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In vitro interaction of artemisinin derivatives or the fully synthetic peroxidic anti-malarial OZ277 with thapsigargin in Plasmodium falciparum strains

Oyindamola O Abiodun12, Reto Brun34 and Sergio Wittlin34*

Author Affiliations

1 Department of Pharmacology and Therapeutics, University of Ibadan, Ibadan, Nigeria

2 Malaria Research Laboratories, College of Medicine, University of Ibadan, Ibadan, Nigeria

3 Parasite Chemotherapy Unit, Swiss Tropical and Public Health Institute, CH-4002, Basel, Switzerland

4 University of Basel, CH-4003, Basel, Switzerland

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Malaria Journal 2013, 12:43  doi:10.1186/1475-2875-12-43


The electronic version of this article is the complete one and can be found online at: http://www.malariajournal.com/content/12/1/43


Received:24 November 2012
Accepted:16 January 2013
Published:31 January 2013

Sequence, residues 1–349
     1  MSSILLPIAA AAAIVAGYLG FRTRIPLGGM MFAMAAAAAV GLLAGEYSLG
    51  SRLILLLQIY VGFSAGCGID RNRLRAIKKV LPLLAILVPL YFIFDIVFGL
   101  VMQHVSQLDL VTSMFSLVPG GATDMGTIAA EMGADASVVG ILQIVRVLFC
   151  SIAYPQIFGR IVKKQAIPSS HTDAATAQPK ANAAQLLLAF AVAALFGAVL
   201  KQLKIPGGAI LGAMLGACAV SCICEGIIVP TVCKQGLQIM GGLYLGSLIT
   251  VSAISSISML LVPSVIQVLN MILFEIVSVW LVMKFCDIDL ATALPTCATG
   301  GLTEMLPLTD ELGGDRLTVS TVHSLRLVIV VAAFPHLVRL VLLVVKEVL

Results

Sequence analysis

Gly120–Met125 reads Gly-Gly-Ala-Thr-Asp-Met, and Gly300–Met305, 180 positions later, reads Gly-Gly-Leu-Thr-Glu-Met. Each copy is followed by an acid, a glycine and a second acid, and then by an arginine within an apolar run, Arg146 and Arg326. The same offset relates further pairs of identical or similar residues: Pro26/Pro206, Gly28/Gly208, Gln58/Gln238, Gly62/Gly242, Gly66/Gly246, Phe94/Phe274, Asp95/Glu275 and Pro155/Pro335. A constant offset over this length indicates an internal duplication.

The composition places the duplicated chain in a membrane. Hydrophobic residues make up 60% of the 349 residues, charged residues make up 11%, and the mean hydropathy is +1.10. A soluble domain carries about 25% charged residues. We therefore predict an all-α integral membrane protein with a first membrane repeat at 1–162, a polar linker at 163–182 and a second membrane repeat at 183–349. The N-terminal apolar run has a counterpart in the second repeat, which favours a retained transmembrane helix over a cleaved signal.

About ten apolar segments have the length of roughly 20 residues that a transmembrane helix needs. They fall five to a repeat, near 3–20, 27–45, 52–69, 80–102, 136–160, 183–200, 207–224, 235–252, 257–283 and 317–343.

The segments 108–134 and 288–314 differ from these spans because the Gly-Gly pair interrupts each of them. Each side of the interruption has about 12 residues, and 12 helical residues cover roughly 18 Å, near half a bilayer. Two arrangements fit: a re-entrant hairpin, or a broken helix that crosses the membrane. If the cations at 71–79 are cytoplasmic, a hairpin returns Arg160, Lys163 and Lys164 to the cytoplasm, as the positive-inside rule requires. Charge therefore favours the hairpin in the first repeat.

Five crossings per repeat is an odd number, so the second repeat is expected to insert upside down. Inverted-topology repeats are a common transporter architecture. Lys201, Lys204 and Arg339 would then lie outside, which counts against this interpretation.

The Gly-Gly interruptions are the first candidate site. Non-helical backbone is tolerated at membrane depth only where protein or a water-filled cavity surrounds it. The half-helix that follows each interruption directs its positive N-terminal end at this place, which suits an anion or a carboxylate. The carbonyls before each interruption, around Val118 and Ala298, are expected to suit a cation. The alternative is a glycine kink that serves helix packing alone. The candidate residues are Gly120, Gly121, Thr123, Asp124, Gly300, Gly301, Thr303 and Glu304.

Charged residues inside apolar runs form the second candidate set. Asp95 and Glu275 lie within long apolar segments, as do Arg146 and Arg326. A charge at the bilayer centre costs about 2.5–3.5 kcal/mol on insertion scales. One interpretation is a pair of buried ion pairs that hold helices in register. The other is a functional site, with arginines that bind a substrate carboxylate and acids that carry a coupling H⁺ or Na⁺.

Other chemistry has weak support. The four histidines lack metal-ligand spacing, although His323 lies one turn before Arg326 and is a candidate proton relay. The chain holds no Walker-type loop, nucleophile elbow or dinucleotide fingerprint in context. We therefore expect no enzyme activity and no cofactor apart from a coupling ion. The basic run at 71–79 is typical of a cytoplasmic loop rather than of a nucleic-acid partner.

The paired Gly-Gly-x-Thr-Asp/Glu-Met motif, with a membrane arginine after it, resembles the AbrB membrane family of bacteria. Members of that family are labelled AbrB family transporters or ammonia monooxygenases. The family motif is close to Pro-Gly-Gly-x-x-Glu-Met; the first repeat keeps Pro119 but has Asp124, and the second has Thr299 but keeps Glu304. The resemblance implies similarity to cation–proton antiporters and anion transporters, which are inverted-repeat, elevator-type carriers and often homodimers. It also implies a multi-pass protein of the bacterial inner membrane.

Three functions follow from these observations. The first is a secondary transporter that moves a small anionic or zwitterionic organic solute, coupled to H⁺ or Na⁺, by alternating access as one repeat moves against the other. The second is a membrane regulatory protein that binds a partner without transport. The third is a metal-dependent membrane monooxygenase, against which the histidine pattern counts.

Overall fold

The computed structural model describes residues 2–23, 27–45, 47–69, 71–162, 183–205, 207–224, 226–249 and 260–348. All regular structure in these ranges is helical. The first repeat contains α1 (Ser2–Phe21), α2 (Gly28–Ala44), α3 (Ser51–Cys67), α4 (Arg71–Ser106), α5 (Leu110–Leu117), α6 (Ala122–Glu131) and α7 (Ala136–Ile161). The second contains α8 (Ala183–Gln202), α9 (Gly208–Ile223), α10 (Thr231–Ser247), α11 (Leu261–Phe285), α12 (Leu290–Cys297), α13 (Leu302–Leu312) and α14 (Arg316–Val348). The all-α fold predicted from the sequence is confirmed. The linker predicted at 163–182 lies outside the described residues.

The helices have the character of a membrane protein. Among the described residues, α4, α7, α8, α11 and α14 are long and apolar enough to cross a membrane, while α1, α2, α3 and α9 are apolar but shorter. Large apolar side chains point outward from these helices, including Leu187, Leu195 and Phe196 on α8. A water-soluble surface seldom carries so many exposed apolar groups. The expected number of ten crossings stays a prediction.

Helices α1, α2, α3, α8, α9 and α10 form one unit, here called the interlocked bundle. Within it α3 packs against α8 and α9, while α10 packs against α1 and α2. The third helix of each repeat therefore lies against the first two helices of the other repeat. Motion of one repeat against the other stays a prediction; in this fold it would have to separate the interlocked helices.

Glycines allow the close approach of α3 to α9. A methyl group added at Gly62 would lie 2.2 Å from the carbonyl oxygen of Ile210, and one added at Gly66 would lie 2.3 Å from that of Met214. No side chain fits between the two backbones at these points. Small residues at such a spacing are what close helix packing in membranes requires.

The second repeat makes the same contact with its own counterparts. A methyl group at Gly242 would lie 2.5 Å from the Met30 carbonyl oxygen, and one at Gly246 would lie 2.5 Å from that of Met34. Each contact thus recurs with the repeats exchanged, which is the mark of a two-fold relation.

© 2013 Abiodun et al.; licensee BioMed Central Ltd.

This is an Open Access article distributed under the terms of the Creative Commons Attribution License (http://creativecommons.org/licenses/by/2.0), which permits unrestricted use, distribution, and reproduction in any medium, provided the original work is properly cited.

Abstract

Background

Semi-synthetic artemisinin derivatives are powerful peroxidic drugs in artemisinin-based combination therapy (ACT) recommended as first-line treatment of Plasmodium falciparum malaria in disease-endemic countries. Studies by Eckstein-Ludwig and co-workers showed both thapsigargin and artemisinin specifically inhibit the sarcoplasmic reticulum Ca2+−ATPase of Plasmodium falciparum (PfATP6). In the present study the type of interaction between thapsigargin and artemisinin derivatives as well as the ozonide OZ277 (RBx11160 or arterolane) was evaluated in parasite cultures. The latter compound is an adamantane-based peroxide and the first fully synthetic clinical candidate recently registered in India by Ranbaxy Laboratories Ltd. for anti-malarial combination therapy.

Methods